chapter  13
‘Even now, now, very now …’ : On envy and the hatred of love
Pages 16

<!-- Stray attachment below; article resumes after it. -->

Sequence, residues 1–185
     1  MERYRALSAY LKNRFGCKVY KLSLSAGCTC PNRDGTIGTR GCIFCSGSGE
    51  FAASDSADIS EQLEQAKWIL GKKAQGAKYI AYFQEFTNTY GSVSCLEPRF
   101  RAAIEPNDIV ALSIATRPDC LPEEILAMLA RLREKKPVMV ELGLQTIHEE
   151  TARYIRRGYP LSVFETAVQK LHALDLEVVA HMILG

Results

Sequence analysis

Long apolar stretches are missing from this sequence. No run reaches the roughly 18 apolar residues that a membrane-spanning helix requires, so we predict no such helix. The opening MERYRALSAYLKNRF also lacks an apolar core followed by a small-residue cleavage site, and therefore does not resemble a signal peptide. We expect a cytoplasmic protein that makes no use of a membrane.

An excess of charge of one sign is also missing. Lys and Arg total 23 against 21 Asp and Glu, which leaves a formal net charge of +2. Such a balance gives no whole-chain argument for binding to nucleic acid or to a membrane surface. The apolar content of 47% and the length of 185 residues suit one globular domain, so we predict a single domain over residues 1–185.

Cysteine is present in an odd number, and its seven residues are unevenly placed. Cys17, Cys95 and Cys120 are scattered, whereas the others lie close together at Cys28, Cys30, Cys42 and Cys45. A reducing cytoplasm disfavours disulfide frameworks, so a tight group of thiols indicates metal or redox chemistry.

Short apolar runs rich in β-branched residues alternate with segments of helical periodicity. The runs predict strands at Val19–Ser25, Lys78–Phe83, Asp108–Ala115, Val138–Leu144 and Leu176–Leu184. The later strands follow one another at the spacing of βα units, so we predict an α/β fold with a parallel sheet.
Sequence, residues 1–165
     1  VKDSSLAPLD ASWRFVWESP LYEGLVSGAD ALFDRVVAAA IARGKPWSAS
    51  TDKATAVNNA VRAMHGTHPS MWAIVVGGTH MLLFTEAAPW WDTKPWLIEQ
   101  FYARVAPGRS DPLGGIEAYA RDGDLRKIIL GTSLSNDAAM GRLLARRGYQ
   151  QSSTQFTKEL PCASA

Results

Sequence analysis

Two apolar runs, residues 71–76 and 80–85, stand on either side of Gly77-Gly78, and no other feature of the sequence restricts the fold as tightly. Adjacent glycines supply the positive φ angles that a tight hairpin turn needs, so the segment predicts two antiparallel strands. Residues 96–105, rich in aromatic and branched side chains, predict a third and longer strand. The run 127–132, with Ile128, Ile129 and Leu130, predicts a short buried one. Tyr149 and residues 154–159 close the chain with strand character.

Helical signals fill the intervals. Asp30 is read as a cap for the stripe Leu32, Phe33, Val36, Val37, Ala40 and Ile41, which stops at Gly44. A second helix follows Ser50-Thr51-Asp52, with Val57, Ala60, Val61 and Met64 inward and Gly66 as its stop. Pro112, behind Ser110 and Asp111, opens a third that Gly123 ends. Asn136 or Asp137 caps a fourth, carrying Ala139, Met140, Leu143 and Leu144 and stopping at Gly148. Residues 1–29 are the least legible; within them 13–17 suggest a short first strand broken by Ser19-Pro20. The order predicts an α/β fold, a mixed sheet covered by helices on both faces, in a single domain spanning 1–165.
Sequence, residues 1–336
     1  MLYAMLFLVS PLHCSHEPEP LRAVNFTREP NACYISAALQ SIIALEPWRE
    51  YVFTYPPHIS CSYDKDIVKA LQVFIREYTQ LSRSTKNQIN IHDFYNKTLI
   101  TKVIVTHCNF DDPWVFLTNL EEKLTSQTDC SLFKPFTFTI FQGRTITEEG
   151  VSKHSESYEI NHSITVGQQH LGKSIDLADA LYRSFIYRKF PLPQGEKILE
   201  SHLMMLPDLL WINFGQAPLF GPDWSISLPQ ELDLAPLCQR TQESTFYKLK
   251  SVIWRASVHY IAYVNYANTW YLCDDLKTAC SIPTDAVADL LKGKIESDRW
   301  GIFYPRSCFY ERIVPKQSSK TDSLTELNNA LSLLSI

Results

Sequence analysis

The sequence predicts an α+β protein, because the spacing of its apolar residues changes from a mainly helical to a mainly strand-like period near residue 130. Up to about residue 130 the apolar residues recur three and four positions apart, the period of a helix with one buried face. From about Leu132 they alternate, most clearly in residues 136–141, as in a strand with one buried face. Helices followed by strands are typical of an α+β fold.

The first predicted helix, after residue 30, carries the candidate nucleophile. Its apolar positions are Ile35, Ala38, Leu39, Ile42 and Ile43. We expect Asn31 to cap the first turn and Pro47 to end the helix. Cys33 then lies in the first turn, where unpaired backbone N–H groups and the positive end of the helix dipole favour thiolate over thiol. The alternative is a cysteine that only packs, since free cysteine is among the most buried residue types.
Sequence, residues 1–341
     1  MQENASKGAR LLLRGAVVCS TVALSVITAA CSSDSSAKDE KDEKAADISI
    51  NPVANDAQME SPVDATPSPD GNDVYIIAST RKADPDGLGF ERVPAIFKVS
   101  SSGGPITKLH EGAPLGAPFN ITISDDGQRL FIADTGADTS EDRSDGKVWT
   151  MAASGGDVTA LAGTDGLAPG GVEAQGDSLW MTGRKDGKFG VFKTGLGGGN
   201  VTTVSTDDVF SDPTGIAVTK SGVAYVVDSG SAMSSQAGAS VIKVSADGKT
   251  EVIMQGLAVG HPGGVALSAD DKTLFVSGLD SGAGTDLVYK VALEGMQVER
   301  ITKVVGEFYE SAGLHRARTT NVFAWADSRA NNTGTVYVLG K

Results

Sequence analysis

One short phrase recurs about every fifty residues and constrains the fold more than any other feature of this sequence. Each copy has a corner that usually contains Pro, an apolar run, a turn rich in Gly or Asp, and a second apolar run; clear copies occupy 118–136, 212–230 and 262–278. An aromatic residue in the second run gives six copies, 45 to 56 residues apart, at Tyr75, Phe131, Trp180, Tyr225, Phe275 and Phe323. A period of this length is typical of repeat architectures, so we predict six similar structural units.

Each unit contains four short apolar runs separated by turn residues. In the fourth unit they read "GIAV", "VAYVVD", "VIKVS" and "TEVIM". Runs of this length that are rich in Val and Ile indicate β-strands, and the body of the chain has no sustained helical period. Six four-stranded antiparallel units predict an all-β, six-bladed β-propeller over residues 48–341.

Othello , Shakespeare’s great tragedy of domestic violence, provides the most powerful example in literature of how destructive envy involves a triangular situation in which the envious self is the tormented outsider, and consists in an attack the aim of which is to obliterate love itself. For Iago, the sight of love between two people is so unbearable, so utterly tormenting, that it must not be allowed to exist in his mind; to prevent it, he must constantly debase it by creating an obscene – to him exciting rather than tormenting – version of intercourse, which must also be projected into the lover’s mind. Othello is tormented by delusional sexual jealousy which is fuelled by Iago’s constant pornographic projections; his love turns into hatred, and he commits murder. But Shakespeare’s beautiful play ultimately shows us what Othello’s profound despair is about: it is the idea of goodness itself, of love, being not only lost for ever, but felt as never having really existed, which causes his descent into madness.